Artocarpus heterophyllus - Jack fruit
Jack fruit has become very popular during recent years, especially with vegetarians, vegans or those who simply wish to eat less meat - why? It is because the texture of Jack fruit closely resembles that of meat, especially pork. Jack fruit spoils very quickly so it tends to be sold either freshly prepared ready for use, canned or frozen. However, my question is "do you know what a Jack fruit looks like when it is growing?"
Jack fruit trees are indigenous to Kerala on the Malabar Coast of southern India., Sri Lanka, and the rainforests of Malaysia, Indonesia, and the Philippines. I first saw Jack fruit trees growing whilst travelling around Sri Lanka where it is their national fruit. The trees I saw were giants - extremely tall and very large.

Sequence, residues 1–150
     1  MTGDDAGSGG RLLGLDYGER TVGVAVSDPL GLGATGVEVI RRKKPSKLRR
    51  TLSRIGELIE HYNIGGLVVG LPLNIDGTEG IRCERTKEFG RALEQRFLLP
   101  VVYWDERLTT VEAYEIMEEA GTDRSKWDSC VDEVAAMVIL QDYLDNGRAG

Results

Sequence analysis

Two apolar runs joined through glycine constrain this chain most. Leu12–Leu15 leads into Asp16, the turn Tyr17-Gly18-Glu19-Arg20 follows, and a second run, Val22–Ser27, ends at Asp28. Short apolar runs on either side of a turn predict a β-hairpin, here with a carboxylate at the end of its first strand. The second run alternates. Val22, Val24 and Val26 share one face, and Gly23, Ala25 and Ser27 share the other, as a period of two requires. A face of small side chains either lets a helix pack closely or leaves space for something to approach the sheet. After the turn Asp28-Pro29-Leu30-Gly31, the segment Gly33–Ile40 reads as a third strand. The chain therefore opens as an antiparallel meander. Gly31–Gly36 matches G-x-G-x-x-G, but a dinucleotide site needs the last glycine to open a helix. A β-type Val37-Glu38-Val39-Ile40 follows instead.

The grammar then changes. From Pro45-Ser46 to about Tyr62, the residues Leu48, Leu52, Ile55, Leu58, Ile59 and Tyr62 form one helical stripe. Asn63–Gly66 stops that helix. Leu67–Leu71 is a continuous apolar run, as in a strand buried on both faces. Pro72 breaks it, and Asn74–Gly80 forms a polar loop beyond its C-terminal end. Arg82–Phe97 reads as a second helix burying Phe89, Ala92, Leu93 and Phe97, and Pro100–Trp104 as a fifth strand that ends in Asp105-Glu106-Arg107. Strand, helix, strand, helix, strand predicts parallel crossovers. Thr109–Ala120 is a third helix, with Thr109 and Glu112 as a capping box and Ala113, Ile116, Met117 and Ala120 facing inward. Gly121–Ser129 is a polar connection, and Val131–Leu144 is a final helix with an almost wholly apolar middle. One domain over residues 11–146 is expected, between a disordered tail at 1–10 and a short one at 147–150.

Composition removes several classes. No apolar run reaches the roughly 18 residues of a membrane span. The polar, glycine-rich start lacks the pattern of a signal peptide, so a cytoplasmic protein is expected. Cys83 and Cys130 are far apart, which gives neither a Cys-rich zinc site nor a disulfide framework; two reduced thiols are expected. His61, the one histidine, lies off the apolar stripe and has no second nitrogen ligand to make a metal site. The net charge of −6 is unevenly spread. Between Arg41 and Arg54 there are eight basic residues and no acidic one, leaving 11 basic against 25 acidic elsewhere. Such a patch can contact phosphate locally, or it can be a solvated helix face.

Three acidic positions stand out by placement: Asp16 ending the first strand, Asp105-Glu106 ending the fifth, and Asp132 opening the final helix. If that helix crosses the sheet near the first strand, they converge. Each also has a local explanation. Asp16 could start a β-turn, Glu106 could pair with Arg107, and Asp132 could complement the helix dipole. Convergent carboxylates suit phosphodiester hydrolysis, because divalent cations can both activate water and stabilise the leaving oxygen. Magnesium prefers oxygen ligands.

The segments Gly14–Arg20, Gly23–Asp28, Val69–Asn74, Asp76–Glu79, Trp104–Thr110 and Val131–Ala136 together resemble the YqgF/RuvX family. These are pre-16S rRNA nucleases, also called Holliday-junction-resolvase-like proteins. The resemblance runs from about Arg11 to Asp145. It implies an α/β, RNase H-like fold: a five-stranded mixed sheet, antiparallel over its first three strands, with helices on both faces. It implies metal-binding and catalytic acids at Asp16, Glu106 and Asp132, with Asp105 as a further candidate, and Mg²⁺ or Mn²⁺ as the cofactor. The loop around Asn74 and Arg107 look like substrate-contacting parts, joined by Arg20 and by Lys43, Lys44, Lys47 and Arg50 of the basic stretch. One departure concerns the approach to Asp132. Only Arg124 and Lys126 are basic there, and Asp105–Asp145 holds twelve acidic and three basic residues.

The Jack fruit tends to hang in large clusters high up along the branches, but also, rather curiously, they even sprout out of the trees trunk lower down at eye level. The Jack fruit that I saw were huge, roughly the size of a rugby ball or even larger.
Paphiopedilum insigne - Ladys Slipper Orchid
My Lady's Slipper orchid only graces us with her presence every three years, but when she does, I enjoy watching her journey from tiny green bud within the base of the leaves to full flower, which takes exactly three months.
She was bought in full bloom at a December flower market in Madeira many years ago, and carried back home on the plane. Her home is the Himalayas, and on high cliffs in Mayanmar, where she grows at altitudes of between 1000 to 2000 meters. It is surprising that she flourishes and thrives so well in the comparatively alien conditions in our home. Although Madeirans grow a wide variety of different orchids, they call Paphiopedilum insigne their Christmas orchid as she never fails to be in full bloom for the Christmas season.